Ikea demo of AR
How will this furniture fit and look in my dwelling?

5. Police and Military training/simulations. A recent episode of The Small Business Show highlighted this possibility. Just one focus was on continued training in the field. That discussion starts at 4m:28s. Another use is in vehicle or aircraft maintenance in which it’s helpful to see obscured wiring or fuel lines.

AR demo of engine analysis.
Repair/maintenance applications can benefit.

6. Brick & Mortar Enticements. Another discussion in the above podcast starting at 19m:56s covers how brick & mortar stores might be able to display their wares before you even think about entering the store. Plant your iPhone on the storefront and see right through the wall to see, say, the selection of ice cream and candies.

7. Street Navigation and Locating. This one of my favorites. Say you’re in an unfamiliar city, trying to find a meeting location. Google Maps can get you really close, but the final steps to the exact location might need filling in. AR can do that.

AR shot of city street.
I know it’s close. Ah, there it is.

Another application is displaying street signs to the motorist that are otherwise obscured by bad weather: snow or fallen trees. (At least until autonomous cars no longer need street signs.)

Yet another is for tourists. Imagine being able to point your iPhone at shops or menus in a foreign city or airport and see the English translation right on the display. See this article about London’s Gatwick airport.

AR demo of sign translation.
Tourists could see signs in foreign cities in their own language.

8. Sports visualization. In an outdoor sport like golf, there’s often a lot of trees obscuring your view. A quick peek in the iPhone camera might be able to reveal details, sand traps, water, other trees, all not easily seen around a bend, that might affect your thinking about how to tee off.

The NFL has already been using Augmented Reality for many years now by displaying an super-imposed yellow line to show where the first down is. (A few years ago, the NHL tried using AR to help visualize puck movement, but that didn’t work out.)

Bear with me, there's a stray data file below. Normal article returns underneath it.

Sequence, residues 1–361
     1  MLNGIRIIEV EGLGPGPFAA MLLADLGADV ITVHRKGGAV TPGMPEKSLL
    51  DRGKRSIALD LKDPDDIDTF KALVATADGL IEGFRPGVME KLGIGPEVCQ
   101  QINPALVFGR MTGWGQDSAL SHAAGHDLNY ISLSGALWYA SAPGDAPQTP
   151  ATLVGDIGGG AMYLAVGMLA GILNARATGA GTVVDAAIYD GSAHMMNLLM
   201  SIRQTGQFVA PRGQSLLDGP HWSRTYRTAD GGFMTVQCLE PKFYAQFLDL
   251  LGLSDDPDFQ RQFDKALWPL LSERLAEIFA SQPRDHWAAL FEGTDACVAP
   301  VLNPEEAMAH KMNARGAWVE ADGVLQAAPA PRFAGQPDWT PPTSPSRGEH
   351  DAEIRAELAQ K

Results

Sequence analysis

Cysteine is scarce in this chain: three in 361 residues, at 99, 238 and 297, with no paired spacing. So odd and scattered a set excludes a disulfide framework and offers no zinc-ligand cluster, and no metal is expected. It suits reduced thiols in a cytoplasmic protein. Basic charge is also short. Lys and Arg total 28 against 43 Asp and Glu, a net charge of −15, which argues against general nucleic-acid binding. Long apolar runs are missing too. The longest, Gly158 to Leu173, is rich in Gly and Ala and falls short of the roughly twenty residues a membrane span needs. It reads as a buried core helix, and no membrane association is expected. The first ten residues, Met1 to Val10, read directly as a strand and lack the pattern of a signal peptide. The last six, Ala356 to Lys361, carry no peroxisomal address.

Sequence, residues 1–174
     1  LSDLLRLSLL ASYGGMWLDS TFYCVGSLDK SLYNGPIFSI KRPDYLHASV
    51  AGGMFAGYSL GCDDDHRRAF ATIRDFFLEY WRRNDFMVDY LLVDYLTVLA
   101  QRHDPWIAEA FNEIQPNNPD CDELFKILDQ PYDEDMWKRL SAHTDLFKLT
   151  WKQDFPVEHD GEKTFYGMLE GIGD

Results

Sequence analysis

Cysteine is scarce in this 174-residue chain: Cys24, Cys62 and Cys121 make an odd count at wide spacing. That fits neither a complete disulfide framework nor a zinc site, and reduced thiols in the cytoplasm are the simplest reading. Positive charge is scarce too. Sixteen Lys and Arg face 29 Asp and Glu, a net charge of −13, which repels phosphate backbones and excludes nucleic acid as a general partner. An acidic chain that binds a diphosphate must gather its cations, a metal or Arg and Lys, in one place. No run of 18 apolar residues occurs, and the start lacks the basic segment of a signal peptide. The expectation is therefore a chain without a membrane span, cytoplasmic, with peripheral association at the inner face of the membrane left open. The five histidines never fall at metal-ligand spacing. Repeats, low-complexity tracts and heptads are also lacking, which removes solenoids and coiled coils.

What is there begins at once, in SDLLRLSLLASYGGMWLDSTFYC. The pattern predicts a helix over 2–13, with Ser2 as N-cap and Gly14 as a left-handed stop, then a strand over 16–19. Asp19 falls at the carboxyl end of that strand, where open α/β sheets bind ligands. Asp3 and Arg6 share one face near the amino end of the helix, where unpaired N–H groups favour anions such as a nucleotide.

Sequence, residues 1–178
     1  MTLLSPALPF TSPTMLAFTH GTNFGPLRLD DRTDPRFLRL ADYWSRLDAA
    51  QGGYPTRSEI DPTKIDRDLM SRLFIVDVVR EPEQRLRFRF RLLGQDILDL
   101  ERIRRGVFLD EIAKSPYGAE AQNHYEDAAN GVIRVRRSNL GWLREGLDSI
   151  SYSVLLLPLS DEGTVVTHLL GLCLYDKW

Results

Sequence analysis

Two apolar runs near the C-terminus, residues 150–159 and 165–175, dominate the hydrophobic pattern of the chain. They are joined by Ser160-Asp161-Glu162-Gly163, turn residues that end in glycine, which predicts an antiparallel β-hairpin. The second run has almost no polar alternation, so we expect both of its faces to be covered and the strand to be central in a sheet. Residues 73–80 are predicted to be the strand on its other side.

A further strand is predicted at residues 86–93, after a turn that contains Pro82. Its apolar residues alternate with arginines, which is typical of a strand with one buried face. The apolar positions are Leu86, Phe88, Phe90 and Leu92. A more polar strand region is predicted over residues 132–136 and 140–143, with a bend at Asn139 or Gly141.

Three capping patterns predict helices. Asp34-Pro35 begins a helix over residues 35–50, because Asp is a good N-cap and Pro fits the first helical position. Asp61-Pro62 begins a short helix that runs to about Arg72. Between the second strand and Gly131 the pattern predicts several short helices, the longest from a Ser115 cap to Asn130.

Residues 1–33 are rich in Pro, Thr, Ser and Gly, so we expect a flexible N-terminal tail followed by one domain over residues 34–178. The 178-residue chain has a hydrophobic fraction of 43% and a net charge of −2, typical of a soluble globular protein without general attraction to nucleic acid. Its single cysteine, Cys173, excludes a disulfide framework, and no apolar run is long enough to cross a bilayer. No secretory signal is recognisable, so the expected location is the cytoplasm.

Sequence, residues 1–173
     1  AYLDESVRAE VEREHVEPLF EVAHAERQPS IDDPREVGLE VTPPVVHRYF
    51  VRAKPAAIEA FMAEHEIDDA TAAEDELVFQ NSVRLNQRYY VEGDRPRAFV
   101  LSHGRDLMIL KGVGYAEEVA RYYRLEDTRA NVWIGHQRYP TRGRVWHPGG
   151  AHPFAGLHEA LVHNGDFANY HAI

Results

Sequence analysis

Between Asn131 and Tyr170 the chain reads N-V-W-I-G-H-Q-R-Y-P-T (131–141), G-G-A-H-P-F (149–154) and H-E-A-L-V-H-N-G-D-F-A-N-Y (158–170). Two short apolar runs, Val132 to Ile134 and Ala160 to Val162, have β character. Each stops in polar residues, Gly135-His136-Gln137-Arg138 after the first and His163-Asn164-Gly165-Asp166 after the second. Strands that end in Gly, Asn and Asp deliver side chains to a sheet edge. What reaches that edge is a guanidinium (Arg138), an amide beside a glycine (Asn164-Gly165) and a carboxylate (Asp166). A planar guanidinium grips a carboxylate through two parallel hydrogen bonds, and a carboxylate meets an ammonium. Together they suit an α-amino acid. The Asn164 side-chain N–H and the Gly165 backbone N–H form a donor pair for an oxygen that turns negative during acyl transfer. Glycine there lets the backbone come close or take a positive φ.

9. Medical training and practice. Students might better be able to visualize the functioning of internal organs and bones in human models or cadavers. Surgeons, using an advanced medical system of AR might be assisted in surgery by being able to visualize obscured veins and arteries (imported from a CT Scan) as they operate.

10. Education. Students might well be able to visualize the construction of a science project before its built. For example, what kinds of wheeled vehicles can best negotiate a miniature classroom Martian terrain? Or how should their robot be built to navigate a classroom or home? AR can help with the visualization. Foreign language learning is another possibility. See #7 above.

These are just a few of the applications I’ve run across in my research. And to further whet your appetite, our Jeff Gamet has compiled a very nice list of AR demo videos which you’ll want to watch. See: “5 More Cool iOS 11 ARKit Demonstration Videos.

What’s in store for us is the evolution and increasing sophistication of the technology as GPUs advance. That, in turn, will drive new, previously unthought of applications by developers.

We’re at the very beginning now with iOS 11 and ARkit. It’s going to be fun to see where it all goes.